It was all instictive and although I'll admit that at the time it was wonderful, that for a brief moment it meant the world to me now I just feel - well. Dirty. And guilty. And I can't quite shift the taste of the chocolate bourbon, the haunting tingling in my fingers from the curve of that mug...

And I am sorry. Deeply sorry.

And I'm blaming the libarians.

They tricked me.

"Let's show you round" they said.

"It's really a beautiful building" they said.

"Have doen this sort of thing before?" they said.

They were right of course. They did show me round. It is a beautiful building. And no, I'd never done this sort of thing before.

I passed the poster on the stairs on the way down to the public library:

"Middlesborough Central Library
Entry £2

Two first-time young authors read from their new novels and talk about their publishing experiences so far.

Alice de Smith’s new novel Welcome to Life is a coming of age novel set in the 1980’s.
Nik Jones’ first novel, 9987, is a dark menacing drama about young man who works in a video
shop who goes off the rails.

The authors are part of New Writing North’s Read Regional 2009

And, DK, before you start arguing I haven't done this sort of thing before. I've never had to appear at a library before. I've never had to talk to people about my experiences as a published author before.

I've never had to read my work in public before.


I've had an actor do it, and he was really good.

I've done it on the radio before. But that was over the phone. At early o'clock. And I had slippers on and my Magic Dressing Gown. And coffee from you, DK. Coffee from you. And no one was watching except for the cat. Who, I'll admit, seemed less than impressed.

But reading in public?


And I was nervous. And I didn't know what to say. And I was garbling. And it was awful. And I couldn't hold the book open and stand up. And I couldn't turn the pages. And it was all going so horribly wrong.

And one of the lovely librarian ladies handed me a coffee. And I spied a plate of chocolate bourbons.

And I just didn't think.

I am sorry, DK.

Really sorry.

But, if it makes you feel any better I think it helped. As awful as my beginning was I think I got better. I got polite and much appreciated applause after each mini reading I did. I almost managed to stay on track when answering questions.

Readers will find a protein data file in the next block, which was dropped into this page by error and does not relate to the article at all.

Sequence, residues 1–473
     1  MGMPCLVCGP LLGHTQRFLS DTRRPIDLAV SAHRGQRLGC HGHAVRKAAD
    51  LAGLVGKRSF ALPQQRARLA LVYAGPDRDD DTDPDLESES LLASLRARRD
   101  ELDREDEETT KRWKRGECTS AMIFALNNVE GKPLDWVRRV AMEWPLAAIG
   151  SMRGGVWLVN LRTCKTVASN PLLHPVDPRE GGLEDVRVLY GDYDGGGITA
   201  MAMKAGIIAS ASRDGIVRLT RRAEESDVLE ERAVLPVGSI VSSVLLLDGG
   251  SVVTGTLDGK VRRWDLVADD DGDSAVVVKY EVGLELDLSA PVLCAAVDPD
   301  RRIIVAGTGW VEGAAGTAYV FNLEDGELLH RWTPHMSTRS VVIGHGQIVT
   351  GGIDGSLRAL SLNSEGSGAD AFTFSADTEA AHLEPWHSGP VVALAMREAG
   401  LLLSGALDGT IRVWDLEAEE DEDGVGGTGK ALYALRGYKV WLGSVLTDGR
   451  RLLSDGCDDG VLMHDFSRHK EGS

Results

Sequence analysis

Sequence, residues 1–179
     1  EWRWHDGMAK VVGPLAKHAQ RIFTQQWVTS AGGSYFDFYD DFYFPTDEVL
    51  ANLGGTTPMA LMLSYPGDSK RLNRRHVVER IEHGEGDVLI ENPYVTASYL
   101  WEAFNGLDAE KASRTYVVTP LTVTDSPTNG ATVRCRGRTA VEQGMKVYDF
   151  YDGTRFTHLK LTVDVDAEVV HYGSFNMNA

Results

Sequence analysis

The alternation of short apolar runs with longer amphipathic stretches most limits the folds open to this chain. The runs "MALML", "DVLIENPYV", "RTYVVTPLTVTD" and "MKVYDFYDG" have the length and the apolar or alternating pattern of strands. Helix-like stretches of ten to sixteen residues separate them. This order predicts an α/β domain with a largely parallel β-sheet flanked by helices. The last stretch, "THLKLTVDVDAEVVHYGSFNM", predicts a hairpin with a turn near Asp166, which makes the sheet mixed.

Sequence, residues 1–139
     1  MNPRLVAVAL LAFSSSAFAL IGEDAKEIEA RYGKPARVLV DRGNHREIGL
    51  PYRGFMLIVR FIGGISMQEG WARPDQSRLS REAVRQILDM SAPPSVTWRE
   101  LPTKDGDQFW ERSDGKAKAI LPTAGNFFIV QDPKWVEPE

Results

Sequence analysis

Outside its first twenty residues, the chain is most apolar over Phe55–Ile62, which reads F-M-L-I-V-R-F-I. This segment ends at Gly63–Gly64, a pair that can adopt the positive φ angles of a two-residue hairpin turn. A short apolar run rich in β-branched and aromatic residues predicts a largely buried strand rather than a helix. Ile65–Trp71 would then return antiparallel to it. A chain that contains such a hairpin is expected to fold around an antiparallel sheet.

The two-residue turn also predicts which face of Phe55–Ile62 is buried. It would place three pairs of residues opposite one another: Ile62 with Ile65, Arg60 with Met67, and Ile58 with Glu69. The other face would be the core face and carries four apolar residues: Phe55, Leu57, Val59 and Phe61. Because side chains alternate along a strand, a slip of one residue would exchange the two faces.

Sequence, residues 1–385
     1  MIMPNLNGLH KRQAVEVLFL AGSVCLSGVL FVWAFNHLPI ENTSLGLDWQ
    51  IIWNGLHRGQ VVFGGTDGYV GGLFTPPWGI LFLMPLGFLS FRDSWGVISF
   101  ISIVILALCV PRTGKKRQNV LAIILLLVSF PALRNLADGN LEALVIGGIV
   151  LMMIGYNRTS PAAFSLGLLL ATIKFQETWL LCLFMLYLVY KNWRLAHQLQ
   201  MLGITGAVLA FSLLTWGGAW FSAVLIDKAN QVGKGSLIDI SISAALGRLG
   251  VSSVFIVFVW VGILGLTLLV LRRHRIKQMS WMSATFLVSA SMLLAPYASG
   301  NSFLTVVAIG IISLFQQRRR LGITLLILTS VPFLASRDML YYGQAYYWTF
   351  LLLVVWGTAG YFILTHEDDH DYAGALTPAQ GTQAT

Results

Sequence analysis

And I brought you back a signed copy of Welcome to Life.

Do you forgive me?

Can you forgive me?

I could descale you...

Tuesday, 2 June 2009

Rachel Green - An Ungodly Child

I really far too good to you all you know that? Not content with one geet mint author interview I now have another.

Oh yes!

Admittedly they're coming along thick and fast due to my ineptness at meeting deadlines, rather than a hard hitting journalistic desire to hunt down and stalk authors but hey, what to do?

So for the next week it's all about An Ungodly Child, the debut novel by writer and poet Rachel Green.

An Ungodly Child follows Harold Waterman, an unlikely hero, and his summoned demonic familiar Jasfoup. When Harold is infected by an incurable disease when he meets Jedith, otherwise known as the Angel of Pestilence, he turns to the black arts to find a cure. Jasfoup is only too happy to help, as long as Harold can pay for his services. Meanwhile, the three angels of destruction are out to prove that there could be an antichrist, if only Harold would believe it. Gillian, Harold's vampire girlfriend, is not so sure.

Described by Amazon reviews as being "Intelligent, imaginative, and Very funny." and "warming, amusing and insightful. The use of imagination is inspired " this is a another must buy novel.